Let me give you some detailed explanation on
void, variable declarations, functions and pointers since you mentioned you are grade 12. Allow me to start with variable declarations since it will be more adequate for my explanation.
First, what happens when you declare a variable? In other words, what happens when you say
int x? As you know all variables reside in the memory. The memory is divided into blocks where each block is 8 bits width. Every block has a number and we usually use Hexadecimal numbers to interpret the memory. So for example the first position in the memory is 0000 0000 which can hold only 8 bits. The second block is 0000 0001 and it can also hold 8 bits of information... Until you reach the last block which is FFFF FFFF and it can hold 8 bits of information as well.
The important thing here is that the bits inside memory blocks are 0's and 1's. An example is 0110 1010. What I am trying to say that 0's and 1's are neither integers, nor characters, nor decimal values... They are nothing by nature, it is YOU who will decide how you will look to them. If you decide to see them as integers then the 0110 1010 will be seen as the number 106, while if you decide to see these bits as characters then the bits will be seen as the letter 'j'.
Going back to my question. What happens when you say
int x? Here there are many things that take place: (1) you are telling the computer that you are willing to see the bits in the memory as integer values. (2) You are asking to reserve enough number of bits in the memory that can hold an
int, and how much is that? Since the
int is usually 32 bits (it could be more or less depending on the CPU, OS...) then you are asking to reserve 32 bits from the memory. And how many memory blocks is that? Since we already said that each memory block is 8 bits that you are asking to reserve 4 blocks of memory, and they will be consecutive (for example, you will reserve the addresses 00AA F000, 00AA F001, 00AA F002, 00AA F003). This means that different variable types will reserve different number of blocks in the memory depending on their size. So a
char will reserve only 1 block since it is 8 bits, while a
float will reserve 8 blocks since it is 64 bits and so on... This is NOT the case in pointers, so please pay attention.
Before I jump to pointers I would like to repeat the idea in a different way:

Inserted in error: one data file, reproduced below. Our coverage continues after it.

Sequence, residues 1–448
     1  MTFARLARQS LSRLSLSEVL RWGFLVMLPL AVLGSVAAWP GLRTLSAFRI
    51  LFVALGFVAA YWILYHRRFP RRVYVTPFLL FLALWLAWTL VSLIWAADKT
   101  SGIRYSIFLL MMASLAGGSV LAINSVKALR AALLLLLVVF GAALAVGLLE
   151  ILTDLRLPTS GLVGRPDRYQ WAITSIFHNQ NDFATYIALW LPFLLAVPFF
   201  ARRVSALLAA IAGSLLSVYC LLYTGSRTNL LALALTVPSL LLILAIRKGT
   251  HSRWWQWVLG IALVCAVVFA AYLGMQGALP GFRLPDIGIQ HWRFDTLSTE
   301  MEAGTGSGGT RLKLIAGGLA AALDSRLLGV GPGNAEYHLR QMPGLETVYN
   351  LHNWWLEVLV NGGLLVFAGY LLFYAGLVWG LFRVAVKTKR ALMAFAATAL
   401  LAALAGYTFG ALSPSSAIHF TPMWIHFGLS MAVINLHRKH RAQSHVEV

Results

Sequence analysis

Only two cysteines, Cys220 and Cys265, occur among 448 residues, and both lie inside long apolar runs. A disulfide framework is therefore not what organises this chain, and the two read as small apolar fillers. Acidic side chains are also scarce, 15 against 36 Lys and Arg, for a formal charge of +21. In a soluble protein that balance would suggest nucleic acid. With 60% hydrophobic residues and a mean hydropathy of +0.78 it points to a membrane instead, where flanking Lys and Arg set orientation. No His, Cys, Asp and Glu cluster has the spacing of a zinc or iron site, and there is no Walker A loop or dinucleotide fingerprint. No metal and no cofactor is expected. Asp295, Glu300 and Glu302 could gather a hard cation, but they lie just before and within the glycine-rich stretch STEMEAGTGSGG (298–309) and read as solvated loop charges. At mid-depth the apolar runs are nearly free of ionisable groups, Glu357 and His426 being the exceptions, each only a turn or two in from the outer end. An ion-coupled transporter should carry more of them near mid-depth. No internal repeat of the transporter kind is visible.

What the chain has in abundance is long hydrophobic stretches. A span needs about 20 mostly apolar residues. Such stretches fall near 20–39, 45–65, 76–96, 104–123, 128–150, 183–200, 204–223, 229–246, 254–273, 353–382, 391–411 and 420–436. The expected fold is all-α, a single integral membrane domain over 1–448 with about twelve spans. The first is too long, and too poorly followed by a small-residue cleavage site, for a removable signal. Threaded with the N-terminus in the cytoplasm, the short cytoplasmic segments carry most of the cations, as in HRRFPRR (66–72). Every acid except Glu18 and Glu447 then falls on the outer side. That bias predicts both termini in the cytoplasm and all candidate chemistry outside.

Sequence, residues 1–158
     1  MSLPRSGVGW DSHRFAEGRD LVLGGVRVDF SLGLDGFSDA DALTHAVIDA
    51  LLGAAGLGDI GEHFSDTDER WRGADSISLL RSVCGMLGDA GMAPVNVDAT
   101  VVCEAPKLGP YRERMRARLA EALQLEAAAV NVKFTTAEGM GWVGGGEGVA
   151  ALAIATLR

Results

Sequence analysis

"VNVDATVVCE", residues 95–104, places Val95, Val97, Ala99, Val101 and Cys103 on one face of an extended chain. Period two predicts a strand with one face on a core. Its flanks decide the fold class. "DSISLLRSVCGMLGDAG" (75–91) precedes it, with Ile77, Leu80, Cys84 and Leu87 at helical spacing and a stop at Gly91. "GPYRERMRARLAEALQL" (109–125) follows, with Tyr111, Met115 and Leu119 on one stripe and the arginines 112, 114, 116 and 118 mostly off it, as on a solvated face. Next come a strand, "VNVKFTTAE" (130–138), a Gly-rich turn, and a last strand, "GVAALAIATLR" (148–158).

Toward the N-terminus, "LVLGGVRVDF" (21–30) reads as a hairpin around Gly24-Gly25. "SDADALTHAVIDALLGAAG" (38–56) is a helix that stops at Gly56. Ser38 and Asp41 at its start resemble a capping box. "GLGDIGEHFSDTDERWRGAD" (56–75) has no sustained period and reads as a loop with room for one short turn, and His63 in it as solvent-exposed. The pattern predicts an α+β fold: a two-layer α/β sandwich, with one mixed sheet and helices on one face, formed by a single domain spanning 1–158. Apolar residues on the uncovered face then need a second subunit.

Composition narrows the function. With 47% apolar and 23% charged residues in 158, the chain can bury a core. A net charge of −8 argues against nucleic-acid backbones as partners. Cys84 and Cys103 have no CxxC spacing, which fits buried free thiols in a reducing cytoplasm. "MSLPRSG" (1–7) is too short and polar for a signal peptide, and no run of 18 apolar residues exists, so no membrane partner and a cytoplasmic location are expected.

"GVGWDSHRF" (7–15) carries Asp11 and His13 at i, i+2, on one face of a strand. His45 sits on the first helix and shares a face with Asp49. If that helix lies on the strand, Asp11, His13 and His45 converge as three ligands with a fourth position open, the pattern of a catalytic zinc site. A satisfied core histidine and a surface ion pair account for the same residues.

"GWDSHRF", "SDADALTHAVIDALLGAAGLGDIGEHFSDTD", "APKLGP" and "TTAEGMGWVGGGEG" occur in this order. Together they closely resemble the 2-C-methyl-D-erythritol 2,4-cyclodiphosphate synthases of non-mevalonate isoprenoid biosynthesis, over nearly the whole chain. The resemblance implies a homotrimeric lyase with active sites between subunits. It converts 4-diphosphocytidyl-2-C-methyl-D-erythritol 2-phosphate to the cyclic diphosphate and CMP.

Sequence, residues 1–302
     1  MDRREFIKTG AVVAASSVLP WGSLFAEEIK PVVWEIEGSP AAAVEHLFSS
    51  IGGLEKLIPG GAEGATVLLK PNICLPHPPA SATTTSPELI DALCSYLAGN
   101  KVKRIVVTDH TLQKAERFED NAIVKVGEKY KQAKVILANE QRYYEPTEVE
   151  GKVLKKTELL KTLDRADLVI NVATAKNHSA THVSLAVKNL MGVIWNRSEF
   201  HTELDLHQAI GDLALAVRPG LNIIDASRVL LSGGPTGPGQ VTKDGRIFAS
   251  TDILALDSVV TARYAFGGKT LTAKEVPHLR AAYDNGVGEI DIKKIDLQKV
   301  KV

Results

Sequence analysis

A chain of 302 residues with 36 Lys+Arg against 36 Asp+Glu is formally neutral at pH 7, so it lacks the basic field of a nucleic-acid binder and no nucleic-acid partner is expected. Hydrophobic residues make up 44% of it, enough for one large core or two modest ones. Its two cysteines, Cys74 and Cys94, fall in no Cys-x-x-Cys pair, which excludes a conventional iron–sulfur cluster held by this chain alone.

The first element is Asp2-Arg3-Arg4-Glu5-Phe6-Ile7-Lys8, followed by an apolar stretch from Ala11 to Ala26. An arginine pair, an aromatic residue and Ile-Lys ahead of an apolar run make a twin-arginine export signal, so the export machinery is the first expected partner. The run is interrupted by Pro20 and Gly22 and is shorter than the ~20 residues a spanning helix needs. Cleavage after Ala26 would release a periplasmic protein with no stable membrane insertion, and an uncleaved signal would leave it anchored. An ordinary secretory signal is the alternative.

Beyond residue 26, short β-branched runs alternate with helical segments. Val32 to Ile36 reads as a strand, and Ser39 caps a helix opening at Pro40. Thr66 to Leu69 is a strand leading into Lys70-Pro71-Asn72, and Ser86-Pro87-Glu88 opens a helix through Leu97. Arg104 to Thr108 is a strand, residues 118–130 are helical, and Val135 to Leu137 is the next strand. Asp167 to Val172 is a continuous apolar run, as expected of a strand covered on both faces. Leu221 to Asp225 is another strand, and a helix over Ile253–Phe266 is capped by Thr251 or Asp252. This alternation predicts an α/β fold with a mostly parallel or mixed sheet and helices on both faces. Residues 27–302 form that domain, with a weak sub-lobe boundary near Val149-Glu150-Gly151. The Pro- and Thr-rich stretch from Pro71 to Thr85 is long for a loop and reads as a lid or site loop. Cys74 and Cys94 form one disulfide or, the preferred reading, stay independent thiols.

type variable_name like
int x means you are going to treat the contents of the memory as integers and you will reserve 4 blocks. Changing the type will change the treatment of the bits.
Now pointers. What happens when you say
int *p? It is totally different than a normal variable. A pointer is something that will tell you the place of something (the memory address of something). Based on the above explanation, each memory address is something like this hexadecimal number: AA00 F001. So a memory address is 8 digit hexadecimal numbers which means it is a 32-bit number. So when you are creating a pointer you are saying that you want to treat the bits as a memory address (not an integer, not a character, not a decimal value...). Because of that, all pointer variables will reserve in the memory the same number of blocks which is 4 memory blocks (32 bits) since any memory address is 32 bits. So
int *p and
char *q will both reserve in the memory 4 blocks because both will hold inside them a memory address which is 32 bit wide.
Here starts the action. Theoretically speaking, if all types of pointers will reserve the same number of bits in the memory, why don't we use a
char pointer to point to an
int variable (like
char *q; int x; q = &x;)? Theoretically you can do this pointer but there is a problem. As I said before an
int will take 4 blocks in the memory, while a
char will only take one block. This means if an
int is sitting in the memory on the address AA00 FF00 and you want to put another one next to it, the new one will sit on the address AA00 FF04 because the first
int already reserved 4 blocks (from FF00 to FF03) and the first empty one will be the FF04 in this case. Still with me?
So a pointer deceleration means 2 things: (1) reserve 32 bit in the memory to put a memory address in it, and (2) we will jump in the memory every time you say
p++ a number of blocks that is equivalent to the type of the pointer and not related to the type of the thing you are pointing to. Here is an example:
int x; char *p; p = &x; now
p is pointing to the first block in
p++ will not point to the second integer, it will point to the second block in
So what is
void is something that means "nothing" or "no type". Having said that, lets inspect the void on variables and pointers:
Can you say
void x just like you said